Defense In Hit-run Case Accuse Prosecution Of Withholding Evidence
WILKES-BARRE — Legal wrangling in the hit-and-run case against Daniel Loughnane continued Wednesday with accusations that the prosecution withheld exculpatory evidence and that a key witness improperly heard discussion about the case.
Loughnane, 46, of Hanover Twp., has been awaiting trial on a felony hit-and-run charge ever since Rebecca McCallick, 19, was run over on Hazle Street in Wilkes-Barre on July 24, 2012. Prosecutors allege Loughnane struck McCallick, who had been using marijuana and lying in the street, while on his way home from the Gentleman’s Club 10 strip club in Wilkes-Barre Twp.
After years of delays prompted by what was eventually ruled the illegal warrantless seizure of Loughnane’s Ford F-350 Super Duty, the trial is set for Oct. 15.
But on Wednesday, defense attorney Peter Paul Olszewski Jr. argued to further limit evidence prosecutors can present to jurors.
Following a hearing in September, Luzerne County Judge Michael T. Vough ruled that Loughnane’s ex-girlfriend, Jessie Spencer, will be permitted to testify about a conversation she had with him, but she will not be able to reference what the defense describes as her “erroneous and speculative assumption that Mr. Loughnane was about to make a confession.”
During a previous hearing, Spencer testified that Loughnane once told her, “Let’s just say Joe Schmo was driving his truck and some girl was lying in the road. Don’t you think it was suicide?”
In court Wednesday, Olszewski said Spencer had been in the courtroom without his knowledge during the September hearing. He maintained prosecutors had an obligation to seek her removal to prevent her from “matching or molding or shaping” her testimony to what prosecutors said they expected to hear.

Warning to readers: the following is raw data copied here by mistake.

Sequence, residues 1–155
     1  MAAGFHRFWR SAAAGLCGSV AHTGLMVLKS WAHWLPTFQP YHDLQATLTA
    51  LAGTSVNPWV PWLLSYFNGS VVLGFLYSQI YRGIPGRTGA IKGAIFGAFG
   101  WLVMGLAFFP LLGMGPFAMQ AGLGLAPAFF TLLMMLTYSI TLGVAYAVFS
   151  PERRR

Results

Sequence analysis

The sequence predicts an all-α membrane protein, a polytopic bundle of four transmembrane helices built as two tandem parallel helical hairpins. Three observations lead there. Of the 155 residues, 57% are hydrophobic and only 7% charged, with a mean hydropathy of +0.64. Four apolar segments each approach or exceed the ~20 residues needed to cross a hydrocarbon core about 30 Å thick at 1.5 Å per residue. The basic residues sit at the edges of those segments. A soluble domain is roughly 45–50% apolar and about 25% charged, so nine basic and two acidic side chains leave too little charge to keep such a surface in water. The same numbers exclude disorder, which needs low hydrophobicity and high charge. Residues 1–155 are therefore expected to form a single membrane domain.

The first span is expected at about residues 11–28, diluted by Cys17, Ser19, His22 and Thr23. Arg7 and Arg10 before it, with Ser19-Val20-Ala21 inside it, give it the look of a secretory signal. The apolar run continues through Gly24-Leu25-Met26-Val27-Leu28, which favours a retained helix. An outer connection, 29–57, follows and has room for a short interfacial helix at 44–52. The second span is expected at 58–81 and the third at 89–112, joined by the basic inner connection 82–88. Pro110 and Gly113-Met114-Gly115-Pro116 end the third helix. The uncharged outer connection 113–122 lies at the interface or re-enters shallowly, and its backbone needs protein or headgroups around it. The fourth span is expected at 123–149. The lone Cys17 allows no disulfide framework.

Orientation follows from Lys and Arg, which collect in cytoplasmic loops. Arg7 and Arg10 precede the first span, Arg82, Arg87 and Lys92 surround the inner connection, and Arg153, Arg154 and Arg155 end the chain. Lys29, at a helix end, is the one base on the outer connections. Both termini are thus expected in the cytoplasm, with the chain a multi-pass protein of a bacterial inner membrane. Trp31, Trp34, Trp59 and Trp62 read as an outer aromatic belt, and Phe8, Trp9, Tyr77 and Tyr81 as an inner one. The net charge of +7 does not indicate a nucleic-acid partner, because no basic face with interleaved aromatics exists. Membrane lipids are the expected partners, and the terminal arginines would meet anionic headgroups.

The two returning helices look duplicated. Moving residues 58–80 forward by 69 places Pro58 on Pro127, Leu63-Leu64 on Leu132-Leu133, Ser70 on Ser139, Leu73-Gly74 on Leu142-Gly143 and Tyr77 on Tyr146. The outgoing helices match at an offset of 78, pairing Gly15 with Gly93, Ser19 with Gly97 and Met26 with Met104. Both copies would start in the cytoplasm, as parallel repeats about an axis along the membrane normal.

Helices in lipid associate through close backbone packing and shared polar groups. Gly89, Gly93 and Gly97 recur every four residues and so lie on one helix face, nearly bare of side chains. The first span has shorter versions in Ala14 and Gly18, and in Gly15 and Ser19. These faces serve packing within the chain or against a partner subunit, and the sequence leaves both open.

Prosecutors said they were not aware Spencer planned to attend the hearing, although an assistant district attorney said she knew Spencer had been present.
Vough questioned how Spencer’s presence could hurt the defense, since prosecutors would have to tell her what she is prohibited from saying in front of the jury anyway.
Olszewski maintained that Spencer now hates Loughnane and would “say anything and everything she could to twist and turn what Mr. Loughnane said to convince the jury of his guilt.” Conveying to the jury the benefit of her hearing the prosecution’s vision would be difficult, he said
“It certainly wouldn’t be clear to the jury, the benefit she got or the commonwealth got to be present for that argument,” Olszewski said.
Also at issue was a defense allegation that prosecutors violated the law by failing to turn over a complete copy of surveillance from Gentlemen’s Club 10. Instead, the defense got “selected clips” from the prosecution, Olszewski said.
During testimony Wednesday, city and county detectives said they seized the video from the club and turned it over to state police for processing. The only thing they got back was the clips that have been turned over to the defense, they said.
The hearing concluded with Vough keeping the record open to allow the state trooper who processed the video to testify at another hearing next week. He said he would rule on the Spencer issue prior to that and would decide on the video prior to trial commencing in less than two weeks.
Contact the writer: